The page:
Criminal Law

What are Community Based Sentences?

By 14 January 2022 No Comments

Community Based Sentences (CBS) are sentencing options that emphasise rehabilitation over punishment. In essence, such sentences are generally available to first-time offenders above 16 years old who have been charged with offences for which the maximum punishment is not more than three years’ imprisonment.

If a community sentence is imposed on you, your criminal conviction will be rendered spent after you have completed the community sentence. You will then be deemed to have no record of that conviction.

The common types of Community Based Sentences imposed are as follows:

  1. Mandatory Treatment order (MTO)
  2. Day reporting order (DRO)
  3. Community service order (CSO)
  4. Short Detention order (SDO)

MTO is an order where offenders will undergo psychiatric treatment at a psychiatric or medical institution, i.e. the Institute of Mental Health (IMH), for up to 36 months. This sentence is generally appropriate for offenders who suffer from treatable psychiatric conditions which is assessed to have contributed to the commission of the offence.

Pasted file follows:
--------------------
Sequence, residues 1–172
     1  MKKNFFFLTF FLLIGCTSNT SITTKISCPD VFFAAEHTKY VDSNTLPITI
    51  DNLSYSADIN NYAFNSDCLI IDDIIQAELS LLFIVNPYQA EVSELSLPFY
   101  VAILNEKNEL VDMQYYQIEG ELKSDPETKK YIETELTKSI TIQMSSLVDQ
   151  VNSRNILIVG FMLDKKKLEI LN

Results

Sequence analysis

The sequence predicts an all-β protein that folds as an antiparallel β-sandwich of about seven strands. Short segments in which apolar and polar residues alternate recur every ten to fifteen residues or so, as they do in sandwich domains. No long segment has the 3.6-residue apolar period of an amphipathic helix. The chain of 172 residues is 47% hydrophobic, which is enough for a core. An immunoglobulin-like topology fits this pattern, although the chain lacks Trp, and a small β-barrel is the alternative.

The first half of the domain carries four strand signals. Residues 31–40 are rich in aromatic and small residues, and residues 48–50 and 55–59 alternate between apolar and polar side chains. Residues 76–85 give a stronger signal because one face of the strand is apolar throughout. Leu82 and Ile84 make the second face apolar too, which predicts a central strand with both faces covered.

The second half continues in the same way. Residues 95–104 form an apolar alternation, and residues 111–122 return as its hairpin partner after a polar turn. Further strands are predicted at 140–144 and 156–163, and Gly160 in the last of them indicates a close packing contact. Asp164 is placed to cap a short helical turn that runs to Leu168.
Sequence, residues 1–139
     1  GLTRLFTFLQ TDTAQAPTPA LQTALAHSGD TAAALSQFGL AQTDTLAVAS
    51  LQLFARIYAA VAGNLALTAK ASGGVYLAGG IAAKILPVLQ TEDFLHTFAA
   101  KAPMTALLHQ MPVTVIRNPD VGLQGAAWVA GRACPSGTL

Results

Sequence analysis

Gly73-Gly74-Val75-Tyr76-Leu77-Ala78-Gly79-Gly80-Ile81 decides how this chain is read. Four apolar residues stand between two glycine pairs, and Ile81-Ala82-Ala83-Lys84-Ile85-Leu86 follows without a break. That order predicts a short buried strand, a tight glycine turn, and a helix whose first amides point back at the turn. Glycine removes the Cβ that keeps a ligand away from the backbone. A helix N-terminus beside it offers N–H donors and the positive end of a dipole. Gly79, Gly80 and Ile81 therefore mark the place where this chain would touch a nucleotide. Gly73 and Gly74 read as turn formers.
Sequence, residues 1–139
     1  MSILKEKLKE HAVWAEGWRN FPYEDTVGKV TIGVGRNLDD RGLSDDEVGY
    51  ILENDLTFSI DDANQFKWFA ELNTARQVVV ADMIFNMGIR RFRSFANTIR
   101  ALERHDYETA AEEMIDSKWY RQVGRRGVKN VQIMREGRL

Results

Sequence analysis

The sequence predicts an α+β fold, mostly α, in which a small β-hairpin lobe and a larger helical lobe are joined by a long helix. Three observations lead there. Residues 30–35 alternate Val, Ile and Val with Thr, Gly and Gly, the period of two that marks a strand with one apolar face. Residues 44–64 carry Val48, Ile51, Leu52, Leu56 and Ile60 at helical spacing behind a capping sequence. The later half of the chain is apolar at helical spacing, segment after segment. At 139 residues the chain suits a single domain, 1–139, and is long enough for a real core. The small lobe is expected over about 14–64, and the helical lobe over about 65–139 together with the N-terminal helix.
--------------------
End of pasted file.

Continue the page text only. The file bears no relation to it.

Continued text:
DRO is an order where offenders report to a day reporting centre to be monitored and undergo counselling as well as other rehabilitation programmes. This is administered by the Singapore Prison Service and spans across a period of between three and 12 months.

CSO requires the offender to perform community service to make reparations to the wider society under the supervision of an authorised officer.

SDO refers to a short prison stint of no more than 14 days. The main difference between a SDO and an imprisonment term is that completing the SDO will automatically result in your sentence being rendered spent, and you will have no criminal record thereafter.

The Court may impose one or more of the abovementioned community orders in relation to the same offence.

For most CBS, the Court will call for a suitability report to determine the offender’s suitability for the community order in question. The Court would then determine whether the community order(s) should be imposed. Even if the offender is found to be suitable for a community order, the decision whether to impose such an order remains in the Judge’s discretion.

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